In retracting from the popular view that India’s modern educational policy was shaped almost entirely by Macaulay, this incisive work reveals the complex ideological and institutional rubric of the colonial educational system. It examines its wide-ranging and lasting impact on curriculum, pedagogy, textbooks, teachers’ role and status, and indigenous forms of knowledge. Recounting the nationalist response to educational reforms, the book reinforces three major quests: justice as expressed in the demand for equal educational opportunities for the lower castes; self-identity as manifest in the urge to define India’s educational needs from within its own cultural repertoire; and the idea of progress based on industrialization.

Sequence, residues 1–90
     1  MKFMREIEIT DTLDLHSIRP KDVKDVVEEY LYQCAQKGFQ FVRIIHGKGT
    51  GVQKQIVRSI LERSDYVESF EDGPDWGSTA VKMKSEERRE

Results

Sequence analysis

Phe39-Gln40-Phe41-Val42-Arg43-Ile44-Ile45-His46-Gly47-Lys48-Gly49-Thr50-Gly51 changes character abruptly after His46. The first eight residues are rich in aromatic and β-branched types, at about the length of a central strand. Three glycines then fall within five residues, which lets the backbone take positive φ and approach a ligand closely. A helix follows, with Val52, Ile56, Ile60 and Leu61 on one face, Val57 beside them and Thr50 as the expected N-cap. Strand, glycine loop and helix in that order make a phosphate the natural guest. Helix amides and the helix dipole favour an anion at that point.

An exceptional contribution to educational theory, including a nuanced discussion of caste, gender and girls’ education, this book will be invaluable to teachers, scholars and students of education, modern Indian history and sociology of education, and policy makers.
‘[N]ovel in its perspective and incisive in its insights.’ — N. Jayaram
‘[Kumar’s] narrative is smooth and flawless. And he makes his points with an uncanny courage of conviction.’ — J. L. Azad
‘[Krishna Kumar] presents a coherent, often gripping, representation of the politics and values inherent in ‘modern education’ within a historical perspective.’ — Harsh Sethi
‘[T]he best work on Indian educational development.’ — A. Mathew
Prologue. I. Introduction Part I: Dynamics of Colonization II. Colonial Citizen as an Educational Ideal III. Appropriate Knowledge: Conflict of Curriculum and Culture IV. Meek Dictator: The Paradox of Teacher’s Personality Part II: Dynamics of the Freedom Struggle V. Pursuit of Equality VI. Quest for Self-Identity VII. Meanings of Progress VIII. Conclusion. Bibliography. About the Author. Index